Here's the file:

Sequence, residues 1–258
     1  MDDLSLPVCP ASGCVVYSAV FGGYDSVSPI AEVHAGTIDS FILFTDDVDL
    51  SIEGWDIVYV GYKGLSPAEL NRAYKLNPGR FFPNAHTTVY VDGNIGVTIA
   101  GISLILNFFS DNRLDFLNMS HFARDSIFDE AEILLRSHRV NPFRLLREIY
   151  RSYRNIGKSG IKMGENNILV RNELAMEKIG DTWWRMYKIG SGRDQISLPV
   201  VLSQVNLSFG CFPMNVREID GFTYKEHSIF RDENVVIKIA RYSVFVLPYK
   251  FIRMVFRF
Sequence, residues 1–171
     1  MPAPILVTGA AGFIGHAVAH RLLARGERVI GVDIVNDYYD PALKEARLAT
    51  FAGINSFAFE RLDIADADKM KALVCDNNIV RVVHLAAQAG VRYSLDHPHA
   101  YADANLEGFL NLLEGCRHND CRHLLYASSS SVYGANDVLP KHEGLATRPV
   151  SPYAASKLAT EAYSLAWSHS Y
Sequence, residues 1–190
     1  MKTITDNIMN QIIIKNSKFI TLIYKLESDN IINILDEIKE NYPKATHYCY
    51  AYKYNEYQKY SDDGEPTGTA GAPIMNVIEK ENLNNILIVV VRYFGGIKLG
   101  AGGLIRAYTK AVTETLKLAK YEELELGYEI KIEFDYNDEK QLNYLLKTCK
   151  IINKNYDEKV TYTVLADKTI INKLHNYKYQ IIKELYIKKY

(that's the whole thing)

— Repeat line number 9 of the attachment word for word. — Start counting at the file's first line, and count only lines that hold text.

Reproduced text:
     1  MPAPILVTGA AGFIGHAVAH RLLARGERVI GVDIVNDYYD PALKEARLAT